6. You have a right to be convicted by proof beyond a reasonable doubt.  You have a right to require that the prosecutor prove every element of a Washington DUI or physical control charge beyond a reasonable doubt.  This is the highest burden of proof in the legal system.  As a defendant, you are not required to present any evidence or prove your innocence.
  7. You have a right to confront witnesses who testify against you.  You have a right to confront and cross-examine all witnesses testifying against you.  This means that the prosecutor will subpoena any witnesses, including law enforcement officers, and have the appear in court to testify and you (through your attorney) will be able to question these witnesses.
  8. You have a right to call witnesses to testify on your behalf.  You have a right to call witnesses who can testify in a way helpful for your case.  These witnesses could include people who were with you before you were arrested for a Washington DUI and can talk about how much you had to drink, your lack of impairment, and your driving. For a Washington DUI charge the court can require (by issuing a subpoena) potential witnesses to appear and testify.  You may also choose to hire an expert witness who can appear and testify about the inaccuracy of the breath test administered to you or other issues relating to your arrest for a Washington DUI.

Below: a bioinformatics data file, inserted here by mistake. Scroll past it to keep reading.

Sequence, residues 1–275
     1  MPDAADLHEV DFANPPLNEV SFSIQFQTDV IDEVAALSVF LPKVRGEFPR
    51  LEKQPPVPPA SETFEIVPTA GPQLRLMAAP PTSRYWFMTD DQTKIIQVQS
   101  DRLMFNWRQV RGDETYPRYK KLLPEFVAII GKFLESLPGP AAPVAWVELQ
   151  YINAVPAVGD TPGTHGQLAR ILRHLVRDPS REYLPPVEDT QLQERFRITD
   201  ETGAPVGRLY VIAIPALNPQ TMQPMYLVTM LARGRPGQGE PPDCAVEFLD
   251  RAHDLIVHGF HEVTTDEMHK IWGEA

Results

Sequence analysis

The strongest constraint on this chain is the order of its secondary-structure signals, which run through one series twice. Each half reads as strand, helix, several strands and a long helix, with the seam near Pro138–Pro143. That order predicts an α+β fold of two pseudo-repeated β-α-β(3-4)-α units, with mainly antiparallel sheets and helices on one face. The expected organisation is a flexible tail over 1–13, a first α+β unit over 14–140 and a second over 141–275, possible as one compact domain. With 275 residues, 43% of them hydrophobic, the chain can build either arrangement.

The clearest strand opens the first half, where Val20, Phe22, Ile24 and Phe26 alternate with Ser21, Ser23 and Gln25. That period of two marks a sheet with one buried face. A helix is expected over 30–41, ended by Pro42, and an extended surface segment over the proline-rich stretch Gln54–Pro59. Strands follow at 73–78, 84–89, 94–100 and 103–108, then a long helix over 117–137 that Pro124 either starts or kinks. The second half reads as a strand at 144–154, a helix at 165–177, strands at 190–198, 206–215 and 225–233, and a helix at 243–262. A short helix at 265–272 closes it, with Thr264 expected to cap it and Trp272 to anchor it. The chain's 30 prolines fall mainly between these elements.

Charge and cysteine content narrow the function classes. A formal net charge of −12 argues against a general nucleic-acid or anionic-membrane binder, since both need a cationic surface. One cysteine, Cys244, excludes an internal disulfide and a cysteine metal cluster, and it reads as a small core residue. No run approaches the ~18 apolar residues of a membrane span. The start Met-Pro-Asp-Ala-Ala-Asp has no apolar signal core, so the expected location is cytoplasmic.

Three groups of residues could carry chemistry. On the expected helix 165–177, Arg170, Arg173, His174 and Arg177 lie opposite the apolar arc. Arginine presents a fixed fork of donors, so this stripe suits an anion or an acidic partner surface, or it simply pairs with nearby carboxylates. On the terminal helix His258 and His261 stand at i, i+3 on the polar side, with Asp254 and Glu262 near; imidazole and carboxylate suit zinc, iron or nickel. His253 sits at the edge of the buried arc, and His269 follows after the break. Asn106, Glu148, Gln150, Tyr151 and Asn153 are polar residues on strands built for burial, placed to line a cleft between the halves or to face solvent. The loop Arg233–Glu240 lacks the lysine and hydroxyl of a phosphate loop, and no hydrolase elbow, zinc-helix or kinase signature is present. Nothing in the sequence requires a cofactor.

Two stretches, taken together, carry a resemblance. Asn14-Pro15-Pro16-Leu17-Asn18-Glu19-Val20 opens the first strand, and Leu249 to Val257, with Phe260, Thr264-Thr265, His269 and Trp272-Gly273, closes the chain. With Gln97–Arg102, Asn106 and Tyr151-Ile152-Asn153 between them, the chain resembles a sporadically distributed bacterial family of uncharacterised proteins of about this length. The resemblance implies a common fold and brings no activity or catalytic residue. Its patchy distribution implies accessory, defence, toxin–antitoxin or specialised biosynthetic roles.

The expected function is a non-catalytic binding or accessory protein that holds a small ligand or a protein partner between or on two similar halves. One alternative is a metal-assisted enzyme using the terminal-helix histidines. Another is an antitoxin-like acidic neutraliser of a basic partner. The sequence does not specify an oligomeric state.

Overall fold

9. You have a right to testify or not testify.  You have a right to remain silent during trial.  This means that if you choose not to, no one can force you to take the stand and testify.  If you choose not to testify, the court would instruct the jury that your failure to testify cannot be held against you.  You also have the right to testify.  If you choose to testify, the prosecuting attorney would be allowed to cross examine you about your case and anything you say while testifying.
  10. You have a right to appeal a conviction or sentence.  If you are convicted of a Washington DUI you have a right to appeal this conviction to a higher court.  For a Washington DUI this would be an appeal to Superior Court.  If you believe that a judge made an error in sentencing you, you may also appeal your sentence in Superior Court.